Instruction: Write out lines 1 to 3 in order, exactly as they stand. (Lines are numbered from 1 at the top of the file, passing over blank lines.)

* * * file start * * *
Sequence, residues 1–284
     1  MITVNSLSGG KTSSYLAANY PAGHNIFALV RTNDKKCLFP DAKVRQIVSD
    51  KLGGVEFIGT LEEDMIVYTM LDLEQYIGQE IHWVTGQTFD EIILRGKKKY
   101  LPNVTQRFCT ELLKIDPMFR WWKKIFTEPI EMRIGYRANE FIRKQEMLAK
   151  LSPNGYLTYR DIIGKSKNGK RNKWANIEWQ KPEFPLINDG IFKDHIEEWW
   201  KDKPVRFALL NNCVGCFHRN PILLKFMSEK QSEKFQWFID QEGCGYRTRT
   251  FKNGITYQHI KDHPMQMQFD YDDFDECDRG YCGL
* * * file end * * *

Sequence, residues 1–284
     1  MITVNSLSGG KTSSYLAANY PAGHNIFALV RTNDKKCLFP DAKVRQIVSD
    51  KLGGVEFIGT LEEDMIVYTM LDLEQYIGQE IHWVTGQTFD EIILRGKKKY